Hello and welcome to Tea ‘n History, with your hostess, Felicia Angel.
Now, I’m a major Greek mythology geek. I got into it when I was in 2nd grade and it’s never really left me. The stories are interesting, the gods are fairly cool and recognizable if you grew up in any of Western Civilization, and some of it is romantic while the rest is…well, you need a flow-chart to figure some of the lineages out.
One of my favorite movies to watch when I was younger was Clash of the Titans, a 1981 movie with creatures done by Ray Harryhausen and fairly good effects. It was one of two that he did with Greek Myths, the other being Jason and the Argonauts, and both being well-received and still having a good fanbase.
So in 2010, when I learned a remake of Clash of the Titans was going to be made, I was happy. The fact that I”m also a Liam Neeson fangirl also helped. Him as Zeus and Aslan? WIN!
Then I saw the movie.
At which point I disowned it.
Then burned it.
Then threw it into the deepest part of the Underworld and hoped it stayed there.
However, having rediscovered my love for all things Harryhausen (and a $5 Walmart bin version of Clash of the Titans -1981), I felt it was my duty to point out the good and bad parts of them…not completely a la the Nostalgia Critic’s “Old vs. New”, but in my own way.
…which mostly includes destroy the new one after…rewatching…it…
This may hurt a bit.
So, first, backstory:
Both films have a (general) idea of the history of Perseus, a demi-god who goes to find Medusa and cut off her head. Reasons for it, in the original, mostly are given as “I don’t have anything to give my mom on her wedding day and the douche who’s marrying her said he wanted it”. With that, and because as the son of Zeus he instantly gets cheat codes, Perseus is given Hades’ helm (a cap of invisibility), a very reflective shield, Hermes’ sandals (fly anywhere) and a sword made out of something that sounds like the metal that went into Wolverine’s claws. He’s told to go find the Graece, sisters of the Gorgons (there is more then one) to find out where they’re hiding, and to kill the only mortal one, Medusa. He does so, and on the way back, spots a princess about to be sacrificed because her mother said something about her being as pretty as goddess of the sea, which pissed off the sea god enough he’s going to cause them problems and demand the daughter, Andromeda, be sacrificed to a sea-monster, Cetus.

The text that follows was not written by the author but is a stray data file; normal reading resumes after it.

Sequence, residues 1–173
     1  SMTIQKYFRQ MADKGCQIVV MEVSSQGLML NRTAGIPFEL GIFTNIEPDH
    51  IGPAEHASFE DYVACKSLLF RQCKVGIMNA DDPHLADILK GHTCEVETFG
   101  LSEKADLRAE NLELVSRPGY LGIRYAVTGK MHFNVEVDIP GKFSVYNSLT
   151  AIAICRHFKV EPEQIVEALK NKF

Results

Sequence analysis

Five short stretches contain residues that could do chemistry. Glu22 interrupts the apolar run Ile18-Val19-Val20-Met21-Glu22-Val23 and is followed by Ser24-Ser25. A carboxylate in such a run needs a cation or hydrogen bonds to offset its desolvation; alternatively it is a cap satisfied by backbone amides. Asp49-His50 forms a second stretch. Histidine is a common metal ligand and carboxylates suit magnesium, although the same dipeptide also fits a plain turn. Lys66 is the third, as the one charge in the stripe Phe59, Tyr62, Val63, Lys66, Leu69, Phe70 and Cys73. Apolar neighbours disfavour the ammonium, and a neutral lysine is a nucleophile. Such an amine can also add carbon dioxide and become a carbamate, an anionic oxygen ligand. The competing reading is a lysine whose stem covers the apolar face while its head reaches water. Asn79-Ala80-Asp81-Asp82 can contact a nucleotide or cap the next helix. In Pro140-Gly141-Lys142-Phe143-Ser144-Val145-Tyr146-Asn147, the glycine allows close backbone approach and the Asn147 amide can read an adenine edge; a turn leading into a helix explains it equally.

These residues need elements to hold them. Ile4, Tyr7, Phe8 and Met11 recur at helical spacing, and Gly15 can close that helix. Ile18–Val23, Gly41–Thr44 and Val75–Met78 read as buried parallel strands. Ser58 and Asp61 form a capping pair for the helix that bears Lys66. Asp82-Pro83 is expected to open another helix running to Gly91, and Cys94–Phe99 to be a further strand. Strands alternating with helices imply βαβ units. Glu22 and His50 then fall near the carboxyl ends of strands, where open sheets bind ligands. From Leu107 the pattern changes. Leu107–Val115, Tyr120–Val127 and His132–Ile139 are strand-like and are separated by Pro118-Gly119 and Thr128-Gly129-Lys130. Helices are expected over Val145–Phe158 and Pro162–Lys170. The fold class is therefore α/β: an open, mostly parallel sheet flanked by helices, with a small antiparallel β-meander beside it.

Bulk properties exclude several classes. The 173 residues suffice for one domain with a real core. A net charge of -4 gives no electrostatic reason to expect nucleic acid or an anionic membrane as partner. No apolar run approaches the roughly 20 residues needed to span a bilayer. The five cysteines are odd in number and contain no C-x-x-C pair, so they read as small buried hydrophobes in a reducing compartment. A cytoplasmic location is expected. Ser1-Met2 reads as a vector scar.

As Medusa’s head gives Perseus enough to be in God Cheat Mode, he kills the monster, frees Andromeda, and heads home to free his mother as well. He also, at one point or earlier, learned that he was fathered by Zeus due to his mother being locked into a tower after his grandfather, the king of Argos, found out that if his daughter gave birth, he wasn’t long for this world. So, lock her in a tall tower were only the gods, who are known for changing forms and shapes and randomly seducing/raping/sexing up women, can see her.
Zeus comes down in a beam of golden light and, 9 months later, Perseus is born. At which point the king of Argos shows how much in common with a Bond villain he has by locking Perseus and his mother in a box and dumping it into the ocean.
As the first few paragraphs detailed Perseus and his mother being alive, that worked out really well, didn’t it?
Now, the movies:
Both movies take…liberties…with the original story of Perseus, but that’s to be expected as what I gave you also demands a lot of backstory for some parts, like who certain gods are in relation to Perseus (half-siblings, mostly, or uncles/aunts), Medusa (angry at her for doing another god in their temple), and some of the mythological beasts that appear. However, the 2010 version does it’s best to not only not tell the stories well, but to really mess it up as far as motivations go.
The original Clash of the Titans had Perseus growing up on an idyllic island with his mother, her dying before the film begins, and generally not being messed with until the goddess Thetis, angry at her son’s deformity after he’d done a few too many things to piss off Zeus, sets him down in Jota, the kingdom where her son is currently tormenting his old fiancee, Andromeda. Perseus is given special items by the goddesses Aphrodite, Thetis (she’s not really playing one side or the other, just hoping her son does what he can to redeem himself), Hera, and Athena, which mostly have a magical helmet of invisibility (except for footprints), a sword, and a shield, as well as told where to find Pegasus, the last winged horse, for his steed. He figures out how to free Andromeda from Thetis’ son, then has to defeat the Kraken because…well, Andromeda’s mother is a bit of an idiot and went around saying her daughter was prettier then the patron goddess.
In front of said patron goddess’ statue.
So to save his beloved, Perseus travels to the Stygian witches (evil version of the Graece) and then to near the underworld to defeat Medusa and bring back her head so he can defeat the Kraken. He does so, and the two live happily ever after and are put in the stars.
Yays happy endings!